What happens is that he begins to be sexually attracted to Ruth. His façade of total command over the situation begins to crumble. The tables are turned and the viewer realizes that there has been a shift of power from him to Ruth. The end of the film shows Ruth back in India, applying the principles of love learned from her guru to dedicate herself to the service of India’s poor. It is a big surprise to find that her mother has opted to join her, implying that she too has been converted to the love that her daughter exemplifies. Waters, instead, returns to America, marries his assistant, and is shown at the end caring for their twin children. Both express their love for each other, which now goes beyond sexual attraction and is marked by mutual respect for the different paths each must walk. Commentary
The Western tendency to lump together and confuse the genuine Asian spiritual master tradition with cults is brought out clearly in the film and in some of the reviews of the film. All the suspicions and prejudices of the Western mind against the guru tradition emerges in the reaction of Ruth’s family to her new way of life. The fear and rejection of the entire Asian spiritual master tradition depicted in Kramer and Alstad’s The Guru Papers, as discussed in Chapter Four, emerge in this film. The irony of it all is that the guru tradition sketched out briefly—perhaps too briefly?—at the start of the film is eventually shown to be more sane than the supposedly more healthy life style of mainstream Western society represented by Ruth’s family, which reveals itself as banal, hypocritical, sex-ridden, hedonistic and dehumanizing. Jane Campion skillfully brings out this thesis through humor (which at times becomes satire), through caricature, and through the exposure of contradictions inherent in the Western position. Redemption is only possible through genuine love and service, and whatever real love is present in the film is linked more with the guru tradition rather than with the Western way of life. The film also attacks the concept of the man of power, master of the situation, able to manipulate people toward the direction he has chosen for them. Ruth’s helplessness and vulnerability in the clutches of such power is eventually shown to be more truly liberating and life-giving. At the end, her feminine power prevails. This aspect of the film would appeal especially to feminists. Key scenes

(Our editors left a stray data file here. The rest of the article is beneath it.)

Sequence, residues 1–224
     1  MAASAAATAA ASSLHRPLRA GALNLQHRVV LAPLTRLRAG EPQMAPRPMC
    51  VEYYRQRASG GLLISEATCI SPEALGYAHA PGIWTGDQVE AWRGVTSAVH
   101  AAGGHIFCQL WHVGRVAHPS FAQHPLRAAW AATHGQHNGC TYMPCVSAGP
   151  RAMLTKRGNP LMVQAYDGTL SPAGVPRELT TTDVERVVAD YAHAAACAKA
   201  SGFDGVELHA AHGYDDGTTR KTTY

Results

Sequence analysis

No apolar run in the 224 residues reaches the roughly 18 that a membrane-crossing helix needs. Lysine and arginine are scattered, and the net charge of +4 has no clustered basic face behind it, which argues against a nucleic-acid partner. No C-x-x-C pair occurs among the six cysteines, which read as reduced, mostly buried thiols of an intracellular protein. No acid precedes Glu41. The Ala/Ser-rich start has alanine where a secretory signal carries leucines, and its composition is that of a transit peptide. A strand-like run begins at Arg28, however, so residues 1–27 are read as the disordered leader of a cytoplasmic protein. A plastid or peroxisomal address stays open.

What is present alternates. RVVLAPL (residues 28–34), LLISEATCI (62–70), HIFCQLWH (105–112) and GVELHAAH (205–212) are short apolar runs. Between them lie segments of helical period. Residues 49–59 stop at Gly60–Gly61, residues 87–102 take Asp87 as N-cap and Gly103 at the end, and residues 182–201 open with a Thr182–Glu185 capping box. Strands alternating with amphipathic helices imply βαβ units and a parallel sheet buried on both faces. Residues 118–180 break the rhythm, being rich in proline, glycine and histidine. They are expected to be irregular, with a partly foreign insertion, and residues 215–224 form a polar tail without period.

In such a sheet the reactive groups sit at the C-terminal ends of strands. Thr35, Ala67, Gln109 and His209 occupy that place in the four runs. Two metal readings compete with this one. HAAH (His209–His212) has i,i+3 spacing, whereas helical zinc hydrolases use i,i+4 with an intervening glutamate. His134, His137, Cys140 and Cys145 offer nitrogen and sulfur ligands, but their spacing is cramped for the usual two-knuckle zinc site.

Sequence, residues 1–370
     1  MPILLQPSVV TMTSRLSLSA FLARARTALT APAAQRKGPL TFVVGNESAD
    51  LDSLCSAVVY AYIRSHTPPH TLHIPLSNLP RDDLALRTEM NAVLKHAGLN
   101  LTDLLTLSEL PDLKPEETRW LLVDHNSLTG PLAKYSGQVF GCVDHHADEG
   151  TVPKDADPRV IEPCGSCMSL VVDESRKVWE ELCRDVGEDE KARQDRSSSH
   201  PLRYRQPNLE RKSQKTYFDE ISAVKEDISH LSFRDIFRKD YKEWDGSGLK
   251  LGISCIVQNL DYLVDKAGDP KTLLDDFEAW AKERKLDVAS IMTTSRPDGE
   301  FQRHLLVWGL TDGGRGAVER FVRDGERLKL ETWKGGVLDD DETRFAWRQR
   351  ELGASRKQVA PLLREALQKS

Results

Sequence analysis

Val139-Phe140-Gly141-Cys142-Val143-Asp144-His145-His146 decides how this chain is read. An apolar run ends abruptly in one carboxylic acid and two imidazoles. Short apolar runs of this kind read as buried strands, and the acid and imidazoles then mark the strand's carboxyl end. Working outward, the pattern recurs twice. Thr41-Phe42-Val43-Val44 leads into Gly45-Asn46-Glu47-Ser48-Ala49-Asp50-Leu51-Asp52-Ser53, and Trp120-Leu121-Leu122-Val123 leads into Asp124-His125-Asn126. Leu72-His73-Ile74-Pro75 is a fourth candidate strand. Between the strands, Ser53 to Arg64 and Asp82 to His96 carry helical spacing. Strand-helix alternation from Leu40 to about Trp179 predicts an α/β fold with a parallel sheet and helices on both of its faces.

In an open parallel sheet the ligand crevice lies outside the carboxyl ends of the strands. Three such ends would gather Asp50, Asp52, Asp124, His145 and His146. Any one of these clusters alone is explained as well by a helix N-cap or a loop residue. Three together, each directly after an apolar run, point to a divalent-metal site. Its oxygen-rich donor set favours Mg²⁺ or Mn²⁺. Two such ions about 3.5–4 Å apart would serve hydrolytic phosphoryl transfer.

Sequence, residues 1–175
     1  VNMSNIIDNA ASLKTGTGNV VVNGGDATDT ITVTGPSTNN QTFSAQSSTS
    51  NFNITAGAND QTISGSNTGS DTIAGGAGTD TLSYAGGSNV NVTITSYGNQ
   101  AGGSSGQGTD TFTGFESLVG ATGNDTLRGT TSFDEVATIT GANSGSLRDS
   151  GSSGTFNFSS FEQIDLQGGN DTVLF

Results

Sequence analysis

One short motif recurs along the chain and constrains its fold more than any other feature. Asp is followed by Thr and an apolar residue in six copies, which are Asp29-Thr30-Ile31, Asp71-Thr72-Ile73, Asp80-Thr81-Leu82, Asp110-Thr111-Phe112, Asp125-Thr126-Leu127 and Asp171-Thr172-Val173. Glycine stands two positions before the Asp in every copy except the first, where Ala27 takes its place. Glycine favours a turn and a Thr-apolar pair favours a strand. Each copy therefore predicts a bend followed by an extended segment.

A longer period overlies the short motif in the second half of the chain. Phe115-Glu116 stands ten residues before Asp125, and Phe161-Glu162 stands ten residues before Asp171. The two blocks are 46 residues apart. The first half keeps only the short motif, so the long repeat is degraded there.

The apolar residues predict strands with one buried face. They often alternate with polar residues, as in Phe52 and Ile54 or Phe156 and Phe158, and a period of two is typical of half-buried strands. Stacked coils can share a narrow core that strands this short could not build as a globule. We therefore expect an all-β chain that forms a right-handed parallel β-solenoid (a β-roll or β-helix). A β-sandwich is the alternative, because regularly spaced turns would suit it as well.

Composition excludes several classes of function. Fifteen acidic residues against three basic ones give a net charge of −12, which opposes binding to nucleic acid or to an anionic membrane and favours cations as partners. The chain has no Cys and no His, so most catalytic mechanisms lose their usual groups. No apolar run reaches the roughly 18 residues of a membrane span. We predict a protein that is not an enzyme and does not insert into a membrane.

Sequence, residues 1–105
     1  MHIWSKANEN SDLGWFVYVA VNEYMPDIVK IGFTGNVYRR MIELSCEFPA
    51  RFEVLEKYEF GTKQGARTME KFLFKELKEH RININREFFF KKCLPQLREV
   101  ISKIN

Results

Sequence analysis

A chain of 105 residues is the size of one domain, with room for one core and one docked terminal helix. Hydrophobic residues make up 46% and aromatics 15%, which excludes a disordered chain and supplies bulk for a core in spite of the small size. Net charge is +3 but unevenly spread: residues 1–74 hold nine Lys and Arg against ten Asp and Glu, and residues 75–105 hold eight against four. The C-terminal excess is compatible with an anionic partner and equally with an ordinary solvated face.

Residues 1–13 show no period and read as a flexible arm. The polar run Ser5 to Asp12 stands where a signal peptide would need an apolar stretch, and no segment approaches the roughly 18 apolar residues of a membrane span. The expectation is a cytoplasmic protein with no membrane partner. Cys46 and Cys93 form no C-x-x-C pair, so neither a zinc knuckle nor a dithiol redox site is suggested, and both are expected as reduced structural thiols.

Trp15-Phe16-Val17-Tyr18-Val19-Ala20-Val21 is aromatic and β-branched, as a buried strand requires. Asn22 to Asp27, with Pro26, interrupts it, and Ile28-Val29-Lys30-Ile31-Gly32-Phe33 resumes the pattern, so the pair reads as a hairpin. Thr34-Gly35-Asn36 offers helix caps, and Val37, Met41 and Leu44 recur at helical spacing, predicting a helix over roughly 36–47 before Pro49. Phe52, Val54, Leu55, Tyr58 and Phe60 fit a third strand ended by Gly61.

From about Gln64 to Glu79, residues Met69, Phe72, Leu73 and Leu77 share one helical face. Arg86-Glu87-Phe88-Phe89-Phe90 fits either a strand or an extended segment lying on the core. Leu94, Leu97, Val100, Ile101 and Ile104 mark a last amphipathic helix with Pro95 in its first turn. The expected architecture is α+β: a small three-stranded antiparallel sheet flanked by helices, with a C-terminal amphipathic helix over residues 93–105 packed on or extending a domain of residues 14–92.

In line with the focus of the analysis being done, this film could be entitled: “True and False Gurus.” The maternal concern of Ruth’s mother to save her daughter from the clutches of the sinister Indian guru—shown in the scenes at the start of the film—is genuine though misguided because of the prejudices bred in her by her culture. She assumes that her daughter is to be rescued and is willing to spend a fortune to bring this about, but she does not truly explore Ruth’s situation, and what it was that led her to seek peace in a different culture where spiritual values are lived more explicitly. One short scene, among others, depicts this profound failure to be interested in and to grasp the values that Ruth has found in the guru tradition. Ruth is shown surrounded by a circle of her male relatives and friends, who chant “We love you, Ruth.” The viewer cannot help but feel that the circle is actually a prison, not a means of liberation.
Dialogue between Alberione and Asian Traditions of the Spiritual Masters.